(?1786–1872) A successful dramatist, who also produced poems and essays and wrote for many years for the New Monthly Magazine. His comedies and farces were produced at Drury Lane, Covent Garden, and the Haymarket, with Charles Kemble and other well-known actors. There were few years between 1813 and 1829 when no play of his was produced. The most successful were Paul Pry (1825), ‘Twixt the Cup and the Lip (1826), and Lodgings for a Single Gentleman (1829). Later in his life Charles Dickens obtained him a state pension of £100 p.a.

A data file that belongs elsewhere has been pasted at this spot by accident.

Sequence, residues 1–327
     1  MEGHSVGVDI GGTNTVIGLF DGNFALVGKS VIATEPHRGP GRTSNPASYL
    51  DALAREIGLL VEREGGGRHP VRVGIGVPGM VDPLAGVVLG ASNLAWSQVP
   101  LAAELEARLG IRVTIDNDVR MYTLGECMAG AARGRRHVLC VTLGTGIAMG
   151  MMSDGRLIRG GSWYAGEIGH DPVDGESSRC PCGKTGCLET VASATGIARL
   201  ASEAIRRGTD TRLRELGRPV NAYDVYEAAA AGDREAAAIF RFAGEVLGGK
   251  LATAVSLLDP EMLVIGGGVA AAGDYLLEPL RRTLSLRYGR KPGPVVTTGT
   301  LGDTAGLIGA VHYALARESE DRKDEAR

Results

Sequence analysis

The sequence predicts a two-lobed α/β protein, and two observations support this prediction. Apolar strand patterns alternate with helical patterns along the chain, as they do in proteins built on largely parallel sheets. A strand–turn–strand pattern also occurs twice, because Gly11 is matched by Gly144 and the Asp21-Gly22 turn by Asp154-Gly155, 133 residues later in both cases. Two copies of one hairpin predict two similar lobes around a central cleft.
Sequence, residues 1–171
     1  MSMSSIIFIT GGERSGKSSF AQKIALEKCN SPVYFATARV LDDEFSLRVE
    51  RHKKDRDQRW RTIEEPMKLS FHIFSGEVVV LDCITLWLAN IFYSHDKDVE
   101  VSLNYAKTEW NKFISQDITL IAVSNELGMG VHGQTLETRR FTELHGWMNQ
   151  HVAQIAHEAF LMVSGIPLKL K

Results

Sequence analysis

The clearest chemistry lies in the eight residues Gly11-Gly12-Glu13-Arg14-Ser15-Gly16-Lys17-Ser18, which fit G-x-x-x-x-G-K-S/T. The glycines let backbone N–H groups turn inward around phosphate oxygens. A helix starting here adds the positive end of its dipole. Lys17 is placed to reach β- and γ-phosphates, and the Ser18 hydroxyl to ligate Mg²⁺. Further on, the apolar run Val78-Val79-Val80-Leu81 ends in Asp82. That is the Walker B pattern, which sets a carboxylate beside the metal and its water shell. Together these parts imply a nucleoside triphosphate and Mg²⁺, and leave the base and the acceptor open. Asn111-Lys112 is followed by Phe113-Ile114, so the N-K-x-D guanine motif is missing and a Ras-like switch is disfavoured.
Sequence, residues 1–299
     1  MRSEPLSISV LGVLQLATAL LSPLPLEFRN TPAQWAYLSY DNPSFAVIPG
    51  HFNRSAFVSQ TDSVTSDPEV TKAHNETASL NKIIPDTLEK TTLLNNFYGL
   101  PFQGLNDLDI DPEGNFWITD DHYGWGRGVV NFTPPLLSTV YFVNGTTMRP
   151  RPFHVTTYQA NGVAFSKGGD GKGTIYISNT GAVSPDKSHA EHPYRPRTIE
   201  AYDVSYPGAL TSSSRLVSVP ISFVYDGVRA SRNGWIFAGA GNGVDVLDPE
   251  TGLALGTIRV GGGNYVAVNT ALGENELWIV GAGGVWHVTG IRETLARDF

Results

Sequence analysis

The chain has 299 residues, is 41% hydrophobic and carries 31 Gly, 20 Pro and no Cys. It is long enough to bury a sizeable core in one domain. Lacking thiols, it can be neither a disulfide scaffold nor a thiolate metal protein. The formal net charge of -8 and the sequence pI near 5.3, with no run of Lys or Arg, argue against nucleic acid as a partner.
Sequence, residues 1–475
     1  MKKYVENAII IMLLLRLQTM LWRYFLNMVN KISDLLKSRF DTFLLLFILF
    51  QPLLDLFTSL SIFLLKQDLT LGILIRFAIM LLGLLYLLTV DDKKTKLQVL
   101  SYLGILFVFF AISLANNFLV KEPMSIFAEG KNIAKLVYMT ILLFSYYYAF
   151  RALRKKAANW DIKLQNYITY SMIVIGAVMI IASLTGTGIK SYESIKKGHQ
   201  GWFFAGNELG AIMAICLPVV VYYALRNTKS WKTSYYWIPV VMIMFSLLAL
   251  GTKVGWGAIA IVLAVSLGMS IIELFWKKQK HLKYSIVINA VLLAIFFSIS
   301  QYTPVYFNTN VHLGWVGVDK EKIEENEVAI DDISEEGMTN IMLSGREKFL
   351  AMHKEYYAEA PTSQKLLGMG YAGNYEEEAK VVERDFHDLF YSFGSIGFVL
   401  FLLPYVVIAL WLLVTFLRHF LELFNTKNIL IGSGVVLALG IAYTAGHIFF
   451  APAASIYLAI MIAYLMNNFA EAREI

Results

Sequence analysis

From The Oxford Companion to English Literature in Oxford Reference.